Podcast, Racing

Sub7/Sub8 with Jacob Tipper | EP#344

 June 27, 2022

By  Bernardo Gonçalves

LISTEN TO THE EPISODE HERE:

Jacob Tipper - That Triathlon Show

Jacob Tipper is a coach of athletes across the spectrum from track sprinters to triathletes, and he is also a great track and road cyclist himself. Jacob was the person tasked with putting together Alistair Brownlee's team for the Sub7/Sub8 project (Brownlee was replaced by Joe Skipper due to injury before the event), and in this episode we discuss that whole process and what we can all learn from it.  

In this Episode you'll learn about:

  • The process of putting together a team for Sub7, as well as training and testing done leading up to it
  • What it took (power numbers and race power profile) to be a part of the team, and what Joe Skipper needed to do to hold on at the back of the paceline
  • Tactics used on the bike leg
  • The importance of training at a high speed (like moto pacing) due to pedalling kinematics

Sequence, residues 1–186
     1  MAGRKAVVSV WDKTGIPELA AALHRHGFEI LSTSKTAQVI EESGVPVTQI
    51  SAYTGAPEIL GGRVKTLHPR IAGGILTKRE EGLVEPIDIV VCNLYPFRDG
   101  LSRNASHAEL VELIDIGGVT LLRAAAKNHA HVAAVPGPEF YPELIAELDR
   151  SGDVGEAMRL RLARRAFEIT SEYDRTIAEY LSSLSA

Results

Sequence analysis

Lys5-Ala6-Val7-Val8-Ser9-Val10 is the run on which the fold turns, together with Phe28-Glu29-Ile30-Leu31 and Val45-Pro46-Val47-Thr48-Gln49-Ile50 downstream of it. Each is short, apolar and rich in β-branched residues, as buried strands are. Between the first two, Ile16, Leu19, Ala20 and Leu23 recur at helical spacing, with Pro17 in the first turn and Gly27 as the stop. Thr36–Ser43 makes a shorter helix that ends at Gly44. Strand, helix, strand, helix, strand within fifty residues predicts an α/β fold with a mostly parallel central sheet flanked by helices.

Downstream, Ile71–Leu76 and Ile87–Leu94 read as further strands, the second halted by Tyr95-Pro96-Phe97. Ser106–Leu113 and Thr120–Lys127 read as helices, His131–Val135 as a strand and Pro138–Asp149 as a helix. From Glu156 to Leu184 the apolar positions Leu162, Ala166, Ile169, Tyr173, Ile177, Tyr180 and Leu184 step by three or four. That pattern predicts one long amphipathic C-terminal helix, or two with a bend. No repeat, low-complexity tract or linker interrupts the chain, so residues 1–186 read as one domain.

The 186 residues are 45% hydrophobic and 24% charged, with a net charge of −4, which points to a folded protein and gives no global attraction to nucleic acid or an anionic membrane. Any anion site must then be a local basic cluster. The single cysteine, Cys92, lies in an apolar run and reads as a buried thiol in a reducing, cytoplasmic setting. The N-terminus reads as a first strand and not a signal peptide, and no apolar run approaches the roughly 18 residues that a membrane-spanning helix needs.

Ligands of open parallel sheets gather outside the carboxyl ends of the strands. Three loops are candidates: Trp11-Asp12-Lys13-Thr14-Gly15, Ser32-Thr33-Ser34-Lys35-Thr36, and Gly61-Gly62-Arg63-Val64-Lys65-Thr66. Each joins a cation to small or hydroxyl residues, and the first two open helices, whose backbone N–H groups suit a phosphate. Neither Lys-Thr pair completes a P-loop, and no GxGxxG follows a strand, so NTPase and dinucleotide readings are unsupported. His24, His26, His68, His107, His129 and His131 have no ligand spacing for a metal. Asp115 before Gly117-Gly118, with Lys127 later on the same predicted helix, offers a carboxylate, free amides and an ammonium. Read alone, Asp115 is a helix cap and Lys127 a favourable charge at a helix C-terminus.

• The battle between Team Skipper and Team Blummenfelt
  • What lessons can regular age-groupers take away from the Sub7/Sub8 project and how Jacob and his team approached it in particular

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Shownotes

Jacob's background

04:06 –

  • I am a cyclist and coach based in the UK. I ride for Ribble Title Pro Cycling Team.
  • I am not a full-time professional, but I won a stage Tour of Xingai Lake, the cycling event held at the highest altitude in the world.
  • Concerning coaching, I work with some athletes, such as Dan Bigham (hopefully, future hour record holder) and Ben Healy, who is racing for EF- Education First.